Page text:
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Lemon Bacopa | Bacopa caroliniana

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Publication Number: P3735-27
View as PDF: P3735-27.pdf

Emergent | Native

Yellow-green lemon bacopa (Bacopa caroliniana).
Mixed stand with lemon bacopa with one blue bloom.
Tiny, light-blue flowers emerging from lemon bacopa stems.

Also known as blue waterhyssop, lemon bacopa is a succulent species with a distinct lemony scent that is released when the leaves are crushed.

This species prefers moist shorelines where it can form a creeping mat. In clear water, it grows as a submersed plant with the tips of shoots emerging from the water column.

The leaves are relatively thick, and darker green when submerged and pale green or yellow when in air. They are paired and opposite of one another, oval to mildly triangular, and about a half-inch in length. The leaves are covered in fine hairs. The upper stems of bacopa are covered in hairs.

The flowers are small and present throughout the summer. They are pale to dark blue.

Management Value

The wildlife value of lemon bacopa is not clear. Although not a known primary food source of many animals, it likely serves as habitat for invertebrates, which feed higher organisms.

Lemon bacopa is rarely a problem species that requires treatment, as it does not expand rapidly or grow in deeper areas. However, since it does not offer significant value as habitat or as an ornamental plant, it is not a recommended species for management.

Recommended Controls

Option 1: Florpyrauxifen-benzyl (2.5-pound formulation). Florpyrauxifen-benzyl (6.75 ounces per acre-foot of water) should be applied as a submersed injection (application using a wand or hose). Determine pond volume prior to application. Do not exceed annual herbicide rate limits as stated on the product label.

Option 2: Diquat (3.73-pound formulation). Diquat should be applied as a submersed injection (0.25 gallon per acre-foot of water). Determine pond volume prior to application. Do not exceed annual herbicide rate limits as stated on the product label.

NOTE: Acre-foot = average depth of pond multiplied by pond acreage; average depth is calculated by taking the depth at 20 points across a water body and averaging the values.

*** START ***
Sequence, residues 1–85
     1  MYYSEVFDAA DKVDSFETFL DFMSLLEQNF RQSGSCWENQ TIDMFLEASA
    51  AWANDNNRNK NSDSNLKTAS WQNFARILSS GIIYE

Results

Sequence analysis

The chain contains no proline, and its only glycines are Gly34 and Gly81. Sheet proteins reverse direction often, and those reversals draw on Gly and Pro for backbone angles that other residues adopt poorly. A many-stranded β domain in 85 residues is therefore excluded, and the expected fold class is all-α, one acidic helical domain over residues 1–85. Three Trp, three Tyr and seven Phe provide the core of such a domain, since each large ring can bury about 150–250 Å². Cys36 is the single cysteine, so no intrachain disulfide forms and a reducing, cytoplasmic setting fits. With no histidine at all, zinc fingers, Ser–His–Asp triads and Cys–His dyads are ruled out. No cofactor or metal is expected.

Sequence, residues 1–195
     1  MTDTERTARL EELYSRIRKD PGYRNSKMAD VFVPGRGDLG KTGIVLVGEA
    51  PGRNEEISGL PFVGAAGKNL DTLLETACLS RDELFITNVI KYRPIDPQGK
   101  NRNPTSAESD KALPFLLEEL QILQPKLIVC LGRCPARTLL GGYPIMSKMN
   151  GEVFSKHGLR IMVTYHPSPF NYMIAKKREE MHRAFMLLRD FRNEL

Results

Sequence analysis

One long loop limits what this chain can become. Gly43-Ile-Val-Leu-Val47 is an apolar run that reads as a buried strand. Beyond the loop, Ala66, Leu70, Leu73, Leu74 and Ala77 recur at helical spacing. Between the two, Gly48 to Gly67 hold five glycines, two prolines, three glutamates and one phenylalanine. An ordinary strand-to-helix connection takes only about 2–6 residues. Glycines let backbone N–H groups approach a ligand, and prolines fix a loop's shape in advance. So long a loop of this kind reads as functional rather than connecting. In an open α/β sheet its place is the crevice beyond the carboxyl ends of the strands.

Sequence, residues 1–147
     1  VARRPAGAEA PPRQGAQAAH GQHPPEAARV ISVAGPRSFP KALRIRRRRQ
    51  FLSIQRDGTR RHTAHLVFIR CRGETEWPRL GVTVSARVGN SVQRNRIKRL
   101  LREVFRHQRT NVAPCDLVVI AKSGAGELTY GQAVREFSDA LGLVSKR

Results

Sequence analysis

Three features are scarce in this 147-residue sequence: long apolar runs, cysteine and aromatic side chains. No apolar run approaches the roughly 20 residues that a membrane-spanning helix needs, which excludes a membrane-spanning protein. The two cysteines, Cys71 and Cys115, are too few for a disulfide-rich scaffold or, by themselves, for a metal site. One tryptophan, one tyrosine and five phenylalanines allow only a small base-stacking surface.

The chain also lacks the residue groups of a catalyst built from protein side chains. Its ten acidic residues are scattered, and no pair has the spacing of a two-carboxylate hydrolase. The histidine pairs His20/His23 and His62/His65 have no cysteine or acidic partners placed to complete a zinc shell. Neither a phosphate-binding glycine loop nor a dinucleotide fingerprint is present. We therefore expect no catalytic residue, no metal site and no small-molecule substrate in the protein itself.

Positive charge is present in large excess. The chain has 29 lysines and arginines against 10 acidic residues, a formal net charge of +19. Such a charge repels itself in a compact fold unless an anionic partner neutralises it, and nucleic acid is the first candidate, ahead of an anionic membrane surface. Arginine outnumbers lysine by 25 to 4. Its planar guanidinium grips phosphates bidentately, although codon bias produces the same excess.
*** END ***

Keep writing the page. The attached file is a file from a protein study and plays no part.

The best approach is to treat ponds with herbicide when the plants are actively growing, and the water temperature is at least 60˚F. For both options, water bodies should be treated in thirds with 1 to 2 weeks between treatments to prevent oxygen depletion.

Read and follow all chemical label instructions, especially the section on the use of personal protection equipment.

Photo Credits Middle: Jeff McMillian, USDA. Provided by Almost Eden. United States, Louisiana.; Bottom: Larry Allain, USDA.

Funding provided by the Aquatic Nuisance Species Program of the U.S. Fish and Wildlife Service, Grant Award F18AP00260 to the Mississippi Department of Environmental Quality. Additional funding and support provided by the MSU Extension Service.

The information given here is for educational purposes only. References to commercial products, trade names, or suppliers are made with the understanding that no endorsement is implied and that no discrimination against other products or suppliers is intended.

Publication 3735-27 (POD-11-23)

By Wes Neal, PhD, Extension/Research Professor, Wildlife, Fisheries, and Aquaculture; Dennis Riecke, Fisheries Coordinator, Mississippi Department of Wildlife, Fisheries, and Parks; and Gray Turnage, PhD, Assistant Research/Extension Professor, GeoSystems Research Institute.

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Portrait of Dr. Wes Neal
Extension/Research Professor
Fisheries Extension
Asst Extension/Research Prof

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